December 6, 2018
Nine major changes to the HR industry
If you’re an employer, your HR obligations have changed in nine important ways already over Financial Year 2019. Being HR consultants, we’ve taken a look at each of them to help you understand everything you need to know.
1. National minimum wage increases by 3.5%
On 1 July 2019, Australia’s minimum wage went up by 3.5%. The national minimum wage is now $712.90 for a 38-hour week: an increase of $24.30 a week from FY2018. This equates to $18.93 an hour. For employers, this is the lowest wage your workers can be paid. Although, if your staff are covered by an Award or Agreement, you’re likely to have to pay more.
2. Single Touch Payroll introduced
The ATO kicked of FY2019 by introducing real-time digital reporting of detailed payroll information for all employers. “Substantial” employers – those with more than 20 staff – had been doing this since April. This means you no longer have to provide employees with a payment summary – they can instead get this automatically from the mygov website. Find out more about what this means for you at the ATO website.
3. Unpaid family and domestic violence leave comes into force
Award-covered employees now have the right to take up to five days unpaid leave each year to deal with instances of family and domestic violence. Read more about this new entitlement on the FairWork website.
4. Casuals can request permanent employment
One change that has really shaken up the HR industry, is that any casual employee covered by an Award who has worked regular hours for a year (that’s 38 hours a week for 12 months) can now ask their employer if they can be transferred to a permanent member of staff. What’s more, as an employer you can only refuse the request on reasonable grounds. This could severe implications if you work in a casual-intensive industry such as retail, so make sure you’re across the changes, speak with your HR consultant and know where you stand with each employee.
5. Casuals and part-timers also have a new minimum engagement
The same Fair Work Commission decision that allows casuals to request permanent status, also grants them a new minimum engagement of two hours each time they’re called in. In HR terms, if you call someone in twice in one day, you’ll need to pay them a minimum of four hours, not the current two hours.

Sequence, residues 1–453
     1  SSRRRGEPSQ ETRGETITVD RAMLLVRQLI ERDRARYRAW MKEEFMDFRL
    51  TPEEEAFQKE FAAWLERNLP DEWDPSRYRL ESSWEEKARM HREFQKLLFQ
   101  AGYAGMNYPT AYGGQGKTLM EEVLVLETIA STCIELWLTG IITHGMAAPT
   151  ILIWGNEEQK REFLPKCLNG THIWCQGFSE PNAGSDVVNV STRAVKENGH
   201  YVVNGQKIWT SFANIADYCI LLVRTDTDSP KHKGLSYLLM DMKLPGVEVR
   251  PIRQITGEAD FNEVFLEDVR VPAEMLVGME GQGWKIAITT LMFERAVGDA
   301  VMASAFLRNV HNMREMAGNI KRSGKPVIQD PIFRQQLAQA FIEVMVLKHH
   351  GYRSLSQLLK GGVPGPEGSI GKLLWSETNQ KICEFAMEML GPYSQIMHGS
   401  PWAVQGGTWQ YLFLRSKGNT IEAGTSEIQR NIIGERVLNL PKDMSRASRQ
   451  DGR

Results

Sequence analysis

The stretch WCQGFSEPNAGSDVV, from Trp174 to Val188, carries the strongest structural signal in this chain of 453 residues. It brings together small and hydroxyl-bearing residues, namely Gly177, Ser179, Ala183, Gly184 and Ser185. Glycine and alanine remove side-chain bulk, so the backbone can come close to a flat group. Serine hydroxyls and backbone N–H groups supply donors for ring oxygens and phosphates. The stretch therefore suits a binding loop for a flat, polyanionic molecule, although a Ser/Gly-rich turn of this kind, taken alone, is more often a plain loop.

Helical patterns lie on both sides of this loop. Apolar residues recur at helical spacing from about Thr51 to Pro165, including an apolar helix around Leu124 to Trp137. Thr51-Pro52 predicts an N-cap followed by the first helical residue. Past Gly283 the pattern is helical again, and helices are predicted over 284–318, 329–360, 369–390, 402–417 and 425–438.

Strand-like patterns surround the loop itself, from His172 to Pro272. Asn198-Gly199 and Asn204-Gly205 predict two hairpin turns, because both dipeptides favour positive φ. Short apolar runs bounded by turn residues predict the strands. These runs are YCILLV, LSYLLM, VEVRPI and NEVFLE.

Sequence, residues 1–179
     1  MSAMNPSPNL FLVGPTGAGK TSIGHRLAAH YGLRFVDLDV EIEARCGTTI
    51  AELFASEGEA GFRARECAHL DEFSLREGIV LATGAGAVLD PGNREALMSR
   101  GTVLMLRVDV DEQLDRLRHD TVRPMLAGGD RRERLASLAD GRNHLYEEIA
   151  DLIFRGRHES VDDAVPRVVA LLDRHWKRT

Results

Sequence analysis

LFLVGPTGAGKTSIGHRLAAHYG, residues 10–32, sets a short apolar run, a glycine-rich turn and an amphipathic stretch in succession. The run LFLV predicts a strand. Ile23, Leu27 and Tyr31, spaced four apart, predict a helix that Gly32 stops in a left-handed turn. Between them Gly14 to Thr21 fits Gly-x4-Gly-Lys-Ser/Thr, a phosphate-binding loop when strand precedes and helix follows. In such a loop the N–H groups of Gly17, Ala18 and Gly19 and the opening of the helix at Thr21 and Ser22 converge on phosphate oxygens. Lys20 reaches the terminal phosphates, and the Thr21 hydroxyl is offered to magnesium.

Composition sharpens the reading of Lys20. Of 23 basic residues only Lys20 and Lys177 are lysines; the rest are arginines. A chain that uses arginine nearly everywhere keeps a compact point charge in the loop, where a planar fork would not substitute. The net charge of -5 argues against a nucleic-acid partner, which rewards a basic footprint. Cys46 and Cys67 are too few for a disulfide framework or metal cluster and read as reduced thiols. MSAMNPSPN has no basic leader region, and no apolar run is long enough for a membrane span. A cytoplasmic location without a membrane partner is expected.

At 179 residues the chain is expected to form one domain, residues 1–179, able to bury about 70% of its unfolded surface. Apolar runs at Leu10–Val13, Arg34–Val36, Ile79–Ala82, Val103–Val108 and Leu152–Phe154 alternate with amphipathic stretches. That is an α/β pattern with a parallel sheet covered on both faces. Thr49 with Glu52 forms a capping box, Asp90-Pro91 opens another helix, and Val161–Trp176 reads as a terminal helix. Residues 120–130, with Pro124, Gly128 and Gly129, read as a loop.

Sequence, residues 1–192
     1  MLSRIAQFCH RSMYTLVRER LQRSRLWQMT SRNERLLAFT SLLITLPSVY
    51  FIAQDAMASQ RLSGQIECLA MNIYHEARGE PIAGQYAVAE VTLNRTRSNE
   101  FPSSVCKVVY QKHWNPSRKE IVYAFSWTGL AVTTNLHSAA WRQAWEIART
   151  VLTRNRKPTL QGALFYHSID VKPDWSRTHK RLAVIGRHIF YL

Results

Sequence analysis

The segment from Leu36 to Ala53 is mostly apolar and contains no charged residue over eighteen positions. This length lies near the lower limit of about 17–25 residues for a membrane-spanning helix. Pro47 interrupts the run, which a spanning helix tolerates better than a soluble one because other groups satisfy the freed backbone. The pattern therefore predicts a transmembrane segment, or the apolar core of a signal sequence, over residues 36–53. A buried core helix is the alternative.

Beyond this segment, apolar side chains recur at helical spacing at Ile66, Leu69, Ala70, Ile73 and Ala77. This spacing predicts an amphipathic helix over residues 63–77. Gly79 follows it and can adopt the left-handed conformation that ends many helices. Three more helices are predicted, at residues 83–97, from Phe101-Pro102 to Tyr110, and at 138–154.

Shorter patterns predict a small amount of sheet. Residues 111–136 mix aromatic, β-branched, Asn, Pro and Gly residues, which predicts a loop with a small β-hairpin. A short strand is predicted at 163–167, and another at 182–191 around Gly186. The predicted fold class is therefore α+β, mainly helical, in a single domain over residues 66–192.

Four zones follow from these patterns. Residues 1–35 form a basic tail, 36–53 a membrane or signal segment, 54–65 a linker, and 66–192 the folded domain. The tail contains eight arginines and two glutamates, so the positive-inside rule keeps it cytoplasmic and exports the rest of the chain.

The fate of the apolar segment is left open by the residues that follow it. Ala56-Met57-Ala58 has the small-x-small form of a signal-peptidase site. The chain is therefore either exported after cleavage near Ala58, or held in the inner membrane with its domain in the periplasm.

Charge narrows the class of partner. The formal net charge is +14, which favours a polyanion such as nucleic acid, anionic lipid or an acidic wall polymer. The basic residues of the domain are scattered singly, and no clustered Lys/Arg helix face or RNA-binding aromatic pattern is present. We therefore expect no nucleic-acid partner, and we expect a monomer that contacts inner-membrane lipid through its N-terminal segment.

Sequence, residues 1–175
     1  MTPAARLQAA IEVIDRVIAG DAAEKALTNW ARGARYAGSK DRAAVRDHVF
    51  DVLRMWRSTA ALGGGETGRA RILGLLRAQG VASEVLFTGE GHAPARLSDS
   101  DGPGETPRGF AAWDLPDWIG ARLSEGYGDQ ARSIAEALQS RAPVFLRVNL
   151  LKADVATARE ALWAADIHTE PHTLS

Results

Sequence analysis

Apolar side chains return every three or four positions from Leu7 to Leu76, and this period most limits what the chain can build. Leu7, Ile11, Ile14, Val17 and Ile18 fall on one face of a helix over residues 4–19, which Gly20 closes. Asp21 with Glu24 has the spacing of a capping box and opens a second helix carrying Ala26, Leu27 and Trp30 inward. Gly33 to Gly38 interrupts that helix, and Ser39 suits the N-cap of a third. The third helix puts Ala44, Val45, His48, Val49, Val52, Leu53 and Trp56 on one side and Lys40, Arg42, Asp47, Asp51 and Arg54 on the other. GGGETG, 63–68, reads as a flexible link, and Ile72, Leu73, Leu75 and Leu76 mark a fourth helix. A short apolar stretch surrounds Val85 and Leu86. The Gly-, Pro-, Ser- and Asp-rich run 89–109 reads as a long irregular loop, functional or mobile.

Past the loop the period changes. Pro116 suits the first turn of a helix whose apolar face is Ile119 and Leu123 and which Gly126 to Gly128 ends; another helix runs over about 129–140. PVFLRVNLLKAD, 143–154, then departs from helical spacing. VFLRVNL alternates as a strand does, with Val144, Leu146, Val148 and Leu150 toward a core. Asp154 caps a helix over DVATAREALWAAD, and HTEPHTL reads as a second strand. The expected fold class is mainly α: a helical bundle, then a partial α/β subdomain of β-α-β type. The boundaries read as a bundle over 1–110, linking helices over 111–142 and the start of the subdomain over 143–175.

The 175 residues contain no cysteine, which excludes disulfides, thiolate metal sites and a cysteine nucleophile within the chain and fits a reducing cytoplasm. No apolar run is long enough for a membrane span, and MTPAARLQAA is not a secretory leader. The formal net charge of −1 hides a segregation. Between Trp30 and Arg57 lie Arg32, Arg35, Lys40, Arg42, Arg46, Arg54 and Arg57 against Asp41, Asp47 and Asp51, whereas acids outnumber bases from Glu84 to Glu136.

6. Abolition of 457 Visas and changes to other visa requirements
The section 457 Visa is gone, replaced with the Temporary Skilled Shortage (TSS) Visa. There have also been changes to Australia’s skilled migration program, which has seen the points threshold lifted from 60 to 65. These changes make it harder for employers to rely on overseas-sourced talent, so be sure to look into the requirements if you intend to hire non-Australian staff.
7. Penalty rates change in retail
Penalty rate changes have been a hot topic in the HR industry, since the FWC cut them back in 2017. Now the FWC has made another change – this time affecting only employers and employees covered by the General Retail Industry Award. These changes include:
- Increasing casual employee penalty rates for shifts worked on a Saturday and weekdays after 6pm, and
- Reducing penalty rates for casual and permanent staff for shifts worked on a Sunday.
Employers who fall foul of these provisions, face severe fines. So speak with your HR consultant and make sure you know exactly where you stand.
8. Just a week to make termination payments
Another recent FWC determination affects the termination clause in a number of modern Awards. It requires employers to pay any wages or other amounts owning within seven days of employment ending. You can read about which Awards the termination clause changes apply to here.
9. Long Service Leave changes for Victorian employees
From 1 November 2018, Victorian employees can access long service leave entitlements after seven years of continuous employment instead of the previous 10 years. An employee can now count periods of parental leave towards their continuous service, so long as they don’t exceed 12 months. This is great news for Victoria’s employees but it’s a whole new liability for the State’s employers which you’ll need to take into account, so make sure you speak with your HR consultant.
Major shake up of the HR industry
What do you think of these changes? Does this affect your HR department? They could be having a real impact on your business and employees. If you would like us to discuss these changes further, then speak with one of the Catalina Consultant team today.